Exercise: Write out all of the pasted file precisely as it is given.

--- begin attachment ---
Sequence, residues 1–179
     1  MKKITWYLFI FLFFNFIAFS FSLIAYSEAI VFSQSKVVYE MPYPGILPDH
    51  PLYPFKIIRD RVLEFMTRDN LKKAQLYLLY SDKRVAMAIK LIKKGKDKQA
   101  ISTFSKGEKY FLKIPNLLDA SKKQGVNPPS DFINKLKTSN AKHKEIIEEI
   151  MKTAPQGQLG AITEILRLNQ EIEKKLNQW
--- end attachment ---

Sequence, residues 1–179
     1  MKKITWYLFI FLFFNFIAFS FSLIAYSEAI VFSQSKVVYE MPYPGILPDH
    51  PLYPFKIIRD RVLEFMTRDN LKKAQLYLLY SDKRVAMAIK LIKKGKDKQA
   101  ISTFSKGEKY FLKIPNLLDA SKKQGVNPPS DFINKLKTSN AKHKEIIEEI
   151  MKTAPQGQLG AITEILRLNQ EIEKKLNQW